james's Reviews > The Radetzky March

The Radetzky March by Joseph Roth
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's review
Oct 12, 08

it was amazing
Read in October, 2008

"The Magnificent Ambersons" set in the waning days of the Austro-Hungarian empire. Roth has an uncanny knack for exploring a character's internal life through small and telling details as they navigate their tiny social worlds. Even the most peripheral characters burst to life in this way. And towards the end of the book, Franz Joseph himself becomes a tragicomic character, an old man ruling over a fading kingdom, who seems more wrapped up in disguising his own social anxiety than tending to his empire.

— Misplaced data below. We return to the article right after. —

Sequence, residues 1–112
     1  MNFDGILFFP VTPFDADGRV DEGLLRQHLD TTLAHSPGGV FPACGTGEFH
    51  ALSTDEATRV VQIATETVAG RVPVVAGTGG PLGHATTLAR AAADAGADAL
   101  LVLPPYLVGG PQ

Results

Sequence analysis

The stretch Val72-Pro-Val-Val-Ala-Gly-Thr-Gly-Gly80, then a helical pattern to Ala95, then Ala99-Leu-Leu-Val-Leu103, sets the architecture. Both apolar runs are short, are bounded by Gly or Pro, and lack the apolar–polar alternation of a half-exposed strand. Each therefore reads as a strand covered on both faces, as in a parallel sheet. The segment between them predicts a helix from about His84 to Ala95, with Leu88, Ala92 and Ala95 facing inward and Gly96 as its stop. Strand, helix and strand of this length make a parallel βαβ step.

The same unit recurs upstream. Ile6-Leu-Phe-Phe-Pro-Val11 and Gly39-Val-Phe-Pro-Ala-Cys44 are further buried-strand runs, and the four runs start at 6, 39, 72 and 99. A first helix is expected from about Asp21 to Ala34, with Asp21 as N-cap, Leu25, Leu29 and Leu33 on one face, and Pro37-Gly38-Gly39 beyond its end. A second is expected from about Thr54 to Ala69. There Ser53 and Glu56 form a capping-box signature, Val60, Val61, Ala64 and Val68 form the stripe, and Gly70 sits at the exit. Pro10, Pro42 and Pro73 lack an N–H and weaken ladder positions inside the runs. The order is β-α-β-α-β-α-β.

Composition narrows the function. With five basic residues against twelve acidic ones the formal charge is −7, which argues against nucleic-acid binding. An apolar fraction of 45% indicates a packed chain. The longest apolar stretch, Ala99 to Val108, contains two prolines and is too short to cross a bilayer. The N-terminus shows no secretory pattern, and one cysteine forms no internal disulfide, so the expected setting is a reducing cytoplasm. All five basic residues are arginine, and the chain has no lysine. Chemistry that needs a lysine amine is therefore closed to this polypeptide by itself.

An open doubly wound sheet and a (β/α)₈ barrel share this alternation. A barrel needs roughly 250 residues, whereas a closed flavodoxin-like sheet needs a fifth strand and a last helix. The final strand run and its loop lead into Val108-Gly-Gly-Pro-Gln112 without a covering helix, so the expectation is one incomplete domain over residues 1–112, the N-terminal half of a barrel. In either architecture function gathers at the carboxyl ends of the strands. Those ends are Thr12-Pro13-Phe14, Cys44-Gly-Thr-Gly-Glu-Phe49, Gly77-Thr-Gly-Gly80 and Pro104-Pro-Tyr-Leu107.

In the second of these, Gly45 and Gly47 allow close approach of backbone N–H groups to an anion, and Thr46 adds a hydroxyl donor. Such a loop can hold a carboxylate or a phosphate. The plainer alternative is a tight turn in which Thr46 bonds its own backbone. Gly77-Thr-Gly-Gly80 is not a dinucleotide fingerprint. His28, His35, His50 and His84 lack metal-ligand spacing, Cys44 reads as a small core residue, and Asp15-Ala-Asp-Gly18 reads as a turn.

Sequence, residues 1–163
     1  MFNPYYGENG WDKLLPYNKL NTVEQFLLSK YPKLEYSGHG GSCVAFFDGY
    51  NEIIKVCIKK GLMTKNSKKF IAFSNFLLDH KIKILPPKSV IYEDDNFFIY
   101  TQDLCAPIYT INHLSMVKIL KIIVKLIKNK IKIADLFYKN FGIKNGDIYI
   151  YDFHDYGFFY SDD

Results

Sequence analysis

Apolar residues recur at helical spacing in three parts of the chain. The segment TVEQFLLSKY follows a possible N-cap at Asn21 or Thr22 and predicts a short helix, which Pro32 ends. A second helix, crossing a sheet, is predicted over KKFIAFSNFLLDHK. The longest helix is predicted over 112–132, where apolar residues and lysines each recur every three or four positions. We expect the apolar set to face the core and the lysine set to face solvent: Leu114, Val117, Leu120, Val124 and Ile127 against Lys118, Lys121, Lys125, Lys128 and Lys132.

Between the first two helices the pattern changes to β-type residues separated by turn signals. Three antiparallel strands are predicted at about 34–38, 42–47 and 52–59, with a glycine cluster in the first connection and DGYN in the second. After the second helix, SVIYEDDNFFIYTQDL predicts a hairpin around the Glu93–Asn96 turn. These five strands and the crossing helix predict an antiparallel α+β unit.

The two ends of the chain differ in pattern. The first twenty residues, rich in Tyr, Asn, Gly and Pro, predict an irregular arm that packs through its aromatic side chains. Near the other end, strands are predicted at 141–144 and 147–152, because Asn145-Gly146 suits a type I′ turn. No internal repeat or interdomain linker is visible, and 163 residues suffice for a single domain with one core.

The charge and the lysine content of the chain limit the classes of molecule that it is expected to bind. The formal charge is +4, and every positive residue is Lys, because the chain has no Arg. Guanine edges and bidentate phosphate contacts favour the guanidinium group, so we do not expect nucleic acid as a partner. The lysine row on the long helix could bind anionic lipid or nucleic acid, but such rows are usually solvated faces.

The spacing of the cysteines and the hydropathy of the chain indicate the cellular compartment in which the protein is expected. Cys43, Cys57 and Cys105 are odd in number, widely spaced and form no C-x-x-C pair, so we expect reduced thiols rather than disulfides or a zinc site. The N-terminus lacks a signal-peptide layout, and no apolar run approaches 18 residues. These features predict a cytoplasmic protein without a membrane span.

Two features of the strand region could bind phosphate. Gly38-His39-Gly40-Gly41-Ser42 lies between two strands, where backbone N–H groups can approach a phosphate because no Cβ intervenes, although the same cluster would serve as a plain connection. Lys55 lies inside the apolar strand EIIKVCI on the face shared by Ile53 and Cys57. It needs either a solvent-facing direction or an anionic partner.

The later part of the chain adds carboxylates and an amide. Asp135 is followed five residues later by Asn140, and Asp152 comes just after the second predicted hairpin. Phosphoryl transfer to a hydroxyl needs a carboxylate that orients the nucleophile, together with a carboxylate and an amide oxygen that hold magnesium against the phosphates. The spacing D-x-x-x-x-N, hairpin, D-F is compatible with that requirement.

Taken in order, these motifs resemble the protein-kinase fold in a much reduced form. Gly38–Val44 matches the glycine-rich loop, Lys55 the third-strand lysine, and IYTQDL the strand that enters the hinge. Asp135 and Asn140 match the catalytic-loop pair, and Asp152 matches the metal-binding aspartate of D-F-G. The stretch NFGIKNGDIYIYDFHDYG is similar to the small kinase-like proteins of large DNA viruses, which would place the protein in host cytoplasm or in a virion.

Our protagonist, Carl Joseph, we learn, is a fool ultimately, whose legacy as the grandson of the Hero of Solferino prevents him form pursuing a life as a civilian. The reader watches as he bounces from outpost to outpost, coming into contact with the whole spectrum of citizens of that soon-to-vanish world.

Haunting and beautiful and wonderful.

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